7 Nanometer Chips and 64 Core AMD Threadripper

At CES AMD has announced the 64 core AMD Threadripper line, (3990X). It will have super-high GHz clocks, and only $4,000 a package pricing.

Nextbigfuture reader and commenter Goatguy notes that combining the AMD super chip with 512 GB of RAM ($3,000, ECC, DDR4-3200) and 4 TB of NVME ($2,000) and a top-top shelf Nvidia dual graphics-and-compute card ($1,800 for pair), the motherboard to support ($600) and case-and-power-supply ($600) would cost ,.. just shy of $12,000. The system would surpass the world’s reigning supercomputer from 20 years ago. The top supercomputer 20 years ago was the ASCI White at 13 TeraFLOPS.

This would be ONE MONTH’S PAY for a competent software engineer in Silicon Valley.

…, that’s just jaw-dropping.
Absolutely bonkers.
The NEXT big future in computing.

If one was doing AI work, you could fit almost all of the literature of the world … ever written … in memory alone.

AMD Ryzen™ Threadripper™ 3990X
# of CPU Cores 64
# of Threads 128
Base Clock 2.9GHz
Max Boost Clock Up to 4.3GHz
Total L1 Cache 4MB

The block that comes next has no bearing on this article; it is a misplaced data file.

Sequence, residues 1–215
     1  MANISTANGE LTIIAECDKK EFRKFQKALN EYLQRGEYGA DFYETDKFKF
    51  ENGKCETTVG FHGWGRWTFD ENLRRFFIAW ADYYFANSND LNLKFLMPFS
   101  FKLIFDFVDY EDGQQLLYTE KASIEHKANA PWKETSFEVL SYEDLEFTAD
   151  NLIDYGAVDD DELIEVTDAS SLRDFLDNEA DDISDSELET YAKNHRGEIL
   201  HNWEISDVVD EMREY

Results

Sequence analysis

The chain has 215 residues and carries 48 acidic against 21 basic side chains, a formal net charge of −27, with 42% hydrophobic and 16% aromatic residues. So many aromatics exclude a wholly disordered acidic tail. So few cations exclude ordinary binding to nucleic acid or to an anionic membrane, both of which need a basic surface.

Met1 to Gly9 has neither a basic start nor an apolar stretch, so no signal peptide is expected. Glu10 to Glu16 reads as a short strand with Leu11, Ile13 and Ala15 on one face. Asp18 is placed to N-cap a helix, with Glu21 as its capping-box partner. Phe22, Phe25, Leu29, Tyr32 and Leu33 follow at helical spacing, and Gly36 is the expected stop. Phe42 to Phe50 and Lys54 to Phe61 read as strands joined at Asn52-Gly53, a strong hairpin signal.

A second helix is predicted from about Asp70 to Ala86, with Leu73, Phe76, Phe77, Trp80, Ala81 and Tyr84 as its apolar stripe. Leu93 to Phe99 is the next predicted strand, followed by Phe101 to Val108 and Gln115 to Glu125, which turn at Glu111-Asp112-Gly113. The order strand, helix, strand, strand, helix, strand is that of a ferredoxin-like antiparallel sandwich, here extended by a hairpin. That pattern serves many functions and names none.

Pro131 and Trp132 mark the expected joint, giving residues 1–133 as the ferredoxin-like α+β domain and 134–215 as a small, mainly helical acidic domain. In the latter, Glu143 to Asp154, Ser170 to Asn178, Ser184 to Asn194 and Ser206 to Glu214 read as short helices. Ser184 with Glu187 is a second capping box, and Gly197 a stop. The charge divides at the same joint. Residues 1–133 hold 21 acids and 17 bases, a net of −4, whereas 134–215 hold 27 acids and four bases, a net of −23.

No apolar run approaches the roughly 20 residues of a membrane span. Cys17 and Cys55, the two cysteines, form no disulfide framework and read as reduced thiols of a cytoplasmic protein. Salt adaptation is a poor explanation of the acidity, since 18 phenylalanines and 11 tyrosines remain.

Total L2 Cache 32MB
Total L3 Cache 256MB

AMD announced many high-performance 7nm CPUs in the desktop space, high-end desktop space, and server space. The flagship Ryzen 4800u will have eight cores/16 threads on only 15W TDP (thermal design power).

The UK Research and Innovation (UKRI) center announced it has contracted with Cray to build a supercomputer based on AMD’s EPYC “Rome” server processors. ARCHER2 will use 5,848 liquid-cooled Shasta Mountain compute nodes, each of which houses a pair of 64-core/128-thread EPYC processors clocked at 2.2GHz. In total, ARCHER2 will crunch through workloads using 748,544 cores and 1.57 petabytes of memory. UKRI estimates peak performance to be around 28 PFLOP/s.